International Dot Day

International Dot Day – September 15

interntl dot dayToday is International Dot Day, “a global celebration of creativity, courage and collaboration.”  This creative celebration was inspired by the book, The Dot, by Peter H. Reynolds.

A teacher’s guide, some videos, Celibri-dots blog (dot images by authors, illustrators, and other famous folks), and a gallery of images of creative projects folks have done in the past to celebrate International Dot Day.  To learn more about International Dot Day, or to find ideas for activities, visit the website:

Bookworm Bear loves Peter H. Reynolds books.  We’ve reviewed The Dot and Ish here – they are well worth looking for at local libraries and bookstores.

Dot cover smallIsh


The Dot

The Dot by Peter H. Reynolds

Dot coverThis is a wonderful story about a girl named Vashti and how she learns about her creative spirit.

Vashti sits angrily in her art classroom after class staring at her blank piece of paper.  She thinks she is bad at art, that she can’t draw — so she hasn’t drawn anything at all.

Vashti’s art teacher talks with her in a friendly way, and encourages her to “just make a mark and see where it takes you.”

And Vashti does.  She takes a marker and makes an angry jab at the paper.  “There!” she says.  The art teacher studies Vashti’s paper, then quietly asks her to sign it.  Vashti does.

Dot inside 1

And that is the beginning of Vashti’s journey.  The next week Vashti finds that the art teacher has hung her dot (angry marker jab) in a frame above the teacher’s desk.  Vashti grumps to herself a bit, and decides she can make a better dot than the one in the frame.

Vashti starts painting.  She experiments with dots in different colors.  Then she discovers she can make new colors by mixing the ones in the watercolor paint box.  She makes huge dots.  She makes a dot by painting everything except the dot – leaving a paper-colored dot.  Vashti happily finds the creative spirit in herself.

The school has an art show – and Vashti has many of her dots in the show.  A younger boy approaches her and says:  “You’re a really great artist.  I wish I could draw.”  Vashti tells him she bets he can draw.  Then:

Dot girl and boy“Vashti smiled.  She handed the boy a blank sheet of paper.  “Show me.”

The boy’s pencil shook as he drew his line.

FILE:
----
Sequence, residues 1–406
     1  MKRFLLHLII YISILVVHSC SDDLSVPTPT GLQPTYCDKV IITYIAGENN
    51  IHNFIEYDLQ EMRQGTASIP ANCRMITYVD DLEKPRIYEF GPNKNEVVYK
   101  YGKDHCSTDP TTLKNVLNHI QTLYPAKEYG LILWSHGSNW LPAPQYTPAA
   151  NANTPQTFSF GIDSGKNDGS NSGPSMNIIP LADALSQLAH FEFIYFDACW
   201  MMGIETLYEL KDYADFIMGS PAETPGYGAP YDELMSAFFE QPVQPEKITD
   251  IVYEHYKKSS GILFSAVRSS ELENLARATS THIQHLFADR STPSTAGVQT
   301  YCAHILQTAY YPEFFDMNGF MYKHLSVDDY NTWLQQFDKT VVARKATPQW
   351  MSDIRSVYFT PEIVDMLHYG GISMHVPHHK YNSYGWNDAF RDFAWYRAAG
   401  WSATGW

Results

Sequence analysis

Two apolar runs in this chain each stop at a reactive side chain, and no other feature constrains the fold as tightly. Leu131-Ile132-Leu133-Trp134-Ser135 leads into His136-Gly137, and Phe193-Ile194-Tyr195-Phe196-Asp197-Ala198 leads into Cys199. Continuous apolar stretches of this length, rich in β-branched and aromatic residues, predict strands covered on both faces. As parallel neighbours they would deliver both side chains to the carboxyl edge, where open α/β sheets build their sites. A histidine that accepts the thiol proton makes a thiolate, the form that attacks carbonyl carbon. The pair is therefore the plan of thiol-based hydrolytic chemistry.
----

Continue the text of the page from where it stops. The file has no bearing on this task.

Vashti stared the boy’s squiggle.  And then she said….

“Please…sign it.”


ish by Peter H. Reynolds

IshA single mocking comment can change the way we see things – about the world, about ourselves, or about things we love doing.

Ramon is a boy who loves to draw.  He draws all the time, and is happy when he is drawing.  One day his older brother makes fun of a picture Ramon is drawing – saying the picture doesn’t look anything like the vase of flowers.

Ramon gets upset and crumples up his drawing.  After that, when Ramon tries to draw it isn’t the same.  He feels he can’t get the pictures just right.  He crumples up a lot of drawings.

After many months and many crumpled sheets of paper, Ramon put his pencil down.  “I’m done.”

His sister, Marisol, watches him, and grabs one of the crumpled drawings.  When Ramon chases her to her room, he is startled to see her walls.  Marisol has saved many of his drawings and taped them up.

“This is one of my favorites,” Marisol said, pointing

“That was supposed to be a vase of flowers,” Ramon said, “but it doesn’t look like one.”

“Well, it looks vase-ISH!” she exclaimed.

Ish-insideRamon starts to see his drawings differently after that.

“Ramon felt light and energized.  Thinking ish-ly allowed his ideas to flow freely.  He began to draw what he felt- loose lines.  Quickly springing out.  Without worry.

Ramon draws again, and is happy.  He finds that he can draw ish feelings, and even tries making ish poems.

Ramon doesn’t worry about his brother’s comment, or about getting drawings just right, anymore.  He is back to drawing because he loves drawing – and finding great joy in it.